Chenopodium berlandieri Moquin-Tandon, Chenop. Monogr. Enum. Pigweed. Stems erect to ascending, much-branched to simple, dm. Chenopodium berlandieri Moq. ssp. jonesianum. Chenopod (goosefoot; lambsquarter). Chenopodiaceae This small, nutritious seed (properly called a fruit. Stems erect to ascending, much-branched to simple, dm, farinose. Leaves nonaromatic; petiole cm; blade narrowly to broadly lanceolate, rhombic.


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Used by the Hopi to wrap Yucca angustissima fruits before baking in earth ovens 4.

Chenopodium berlandieri - Wikipedia

Seeds can be parched then ground into flour 7. It is also believed that the form of Chenopodium common in the prehistoric eastern United States prior to the introduction of maize agriculture is a domesticated chenopodium berlandieri of C.

Data compiled from various sources by Mark W. Retrieved [ Chenopodium berlandieri 22, ], from the Southwest Environmental Information Network on-line database, http: Arizona Flora 2 nd Edition.

Seeds[ edit ] Chenopodium seeds vary in shape between lenticular and chenopodium berlandieri.


The radicle protrudes chenopodium berlandieri, producing a visible bump in the circumference of the seed called the "beak". Occurence in the Chicago region: Chenopodium comes from the Greek words chen, meaning goose, and podion, meaning "little foot," chenopodium berlandieri to the leaf shape of some species.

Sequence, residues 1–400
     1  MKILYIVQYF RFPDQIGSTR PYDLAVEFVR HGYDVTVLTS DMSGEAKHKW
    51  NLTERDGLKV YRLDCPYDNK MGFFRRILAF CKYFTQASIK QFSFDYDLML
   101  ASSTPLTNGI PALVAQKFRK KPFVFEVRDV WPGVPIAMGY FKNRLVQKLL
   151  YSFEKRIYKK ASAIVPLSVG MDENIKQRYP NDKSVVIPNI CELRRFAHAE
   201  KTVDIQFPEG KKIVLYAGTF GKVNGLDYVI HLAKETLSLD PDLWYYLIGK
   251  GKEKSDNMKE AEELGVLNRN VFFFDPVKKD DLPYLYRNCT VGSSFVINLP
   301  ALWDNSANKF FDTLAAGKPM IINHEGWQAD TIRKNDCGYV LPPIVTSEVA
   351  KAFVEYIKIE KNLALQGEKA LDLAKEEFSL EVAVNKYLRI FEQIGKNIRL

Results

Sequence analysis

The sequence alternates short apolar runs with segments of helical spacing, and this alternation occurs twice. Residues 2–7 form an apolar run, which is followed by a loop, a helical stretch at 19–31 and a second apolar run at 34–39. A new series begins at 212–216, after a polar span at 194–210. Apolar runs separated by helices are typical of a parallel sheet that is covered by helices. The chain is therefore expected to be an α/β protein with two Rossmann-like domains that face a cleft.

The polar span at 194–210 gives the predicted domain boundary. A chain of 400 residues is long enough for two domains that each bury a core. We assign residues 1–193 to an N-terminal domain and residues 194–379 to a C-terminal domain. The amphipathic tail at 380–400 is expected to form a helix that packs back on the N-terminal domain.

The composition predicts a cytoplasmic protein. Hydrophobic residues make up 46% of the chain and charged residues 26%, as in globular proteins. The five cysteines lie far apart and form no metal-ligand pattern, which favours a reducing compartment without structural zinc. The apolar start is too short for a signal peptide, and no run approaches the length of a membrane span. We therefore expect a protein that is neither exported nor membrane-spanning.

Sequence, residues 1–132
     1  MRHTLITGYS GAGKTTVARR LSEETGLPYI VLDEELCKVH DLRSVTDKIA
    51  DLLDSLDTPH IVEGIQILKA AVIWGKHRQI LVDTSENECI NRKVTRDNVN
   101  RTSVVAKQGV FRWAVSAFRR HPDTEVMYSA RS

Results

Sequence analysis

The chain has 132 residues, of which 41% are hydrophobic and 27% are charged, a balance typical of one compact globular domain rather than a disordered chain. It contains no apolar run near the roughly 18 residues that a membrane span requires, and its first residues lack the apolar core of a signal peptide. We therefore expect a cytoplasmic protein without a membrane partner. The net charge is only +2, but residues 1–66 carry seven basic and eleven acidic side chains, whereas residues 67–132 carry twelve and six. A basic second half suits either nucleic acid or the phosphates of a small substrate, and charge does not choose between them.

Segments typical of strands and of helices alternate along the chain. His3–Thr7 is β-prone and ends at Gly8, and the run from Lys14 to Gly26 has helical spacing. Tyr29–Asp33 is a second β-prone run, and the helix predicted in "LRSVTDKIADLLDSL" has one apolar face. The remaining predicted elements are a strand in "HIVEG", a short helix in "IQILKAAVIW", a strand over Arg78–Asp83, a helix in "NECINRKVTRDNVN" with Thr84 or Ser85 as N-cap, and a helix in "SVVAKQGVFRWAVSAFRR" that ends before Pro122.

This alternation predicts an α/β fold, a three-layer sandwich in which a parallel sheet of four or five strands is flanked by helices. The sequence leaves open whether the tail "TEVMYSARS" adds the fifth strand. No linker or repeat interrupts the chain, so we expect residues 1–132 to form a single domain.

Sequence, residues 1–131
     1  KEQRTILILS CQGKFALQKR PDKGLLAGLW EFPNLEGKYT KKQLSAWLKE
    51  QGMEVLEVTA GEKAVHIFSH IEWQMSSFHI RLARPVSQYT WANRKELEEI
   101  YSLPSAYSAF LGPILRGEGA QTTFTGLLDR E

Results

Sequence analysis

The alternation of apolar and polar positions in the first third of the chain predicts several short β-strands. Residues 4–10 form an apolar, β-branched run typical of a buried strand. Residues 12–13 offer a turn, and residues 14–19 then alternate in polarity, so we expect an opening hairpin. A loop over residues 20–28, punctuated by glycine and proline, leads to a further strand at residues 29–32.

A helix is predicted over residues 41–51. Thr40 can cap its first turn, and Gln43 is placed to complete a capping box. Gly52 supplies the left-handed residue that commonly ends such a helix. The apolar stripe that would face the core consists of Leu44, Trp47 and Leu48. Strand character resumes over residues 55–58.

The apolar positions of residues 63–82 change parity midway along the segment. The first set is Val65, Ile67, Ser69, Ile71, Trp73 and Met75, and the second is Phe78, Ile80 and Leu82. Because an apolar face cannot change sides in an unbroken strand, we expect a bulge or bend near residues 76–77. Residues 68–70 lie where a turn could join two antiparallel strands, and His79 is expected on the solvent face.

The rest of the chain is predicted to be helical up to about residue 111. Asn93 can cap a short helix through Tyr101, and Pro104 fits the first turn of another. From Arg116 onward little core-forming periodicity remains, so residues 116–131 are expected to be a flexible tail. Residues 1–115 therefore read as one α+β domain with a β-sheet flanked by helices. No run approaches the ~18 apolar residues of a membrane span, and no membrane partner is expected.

Berlandieri is named after Jean Louis Berlandierthe botanist who discovered the species.

Manual of vascular plants of northeastern United States and adjacent Canada. Description Chenopod seeds are relatively easy to identify.

Their embryos wrap around the seed and overlap, chenopodium berlandieri each seed to have a little "beak" Figure 1. However, the embryo is often missing in charred archaeological specimens because the heat during charring may cause the seed to pop. A popped chenopod seed looks like a tiny hamburger, with the puffed-up perisperm pushing the halves of the chenopodium berlandieri coat testa away from each other Figures 4 and 5.

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Charring may also cause the loss of the pericarp. The retention of this reticulated net-like covering is important if one is to identify a charred, formerly black chenopod Figure chenopodium berlandieri from a charred, formerly pale chenopod Figure 5.

Chenopodium berlandieri testa of the former is stiff enough so that it can stand away from the perisperm on its own, while the latter's cannot. Studies regarding the thickness of the pale morph testa have not been performed. Seed sizes average about 1.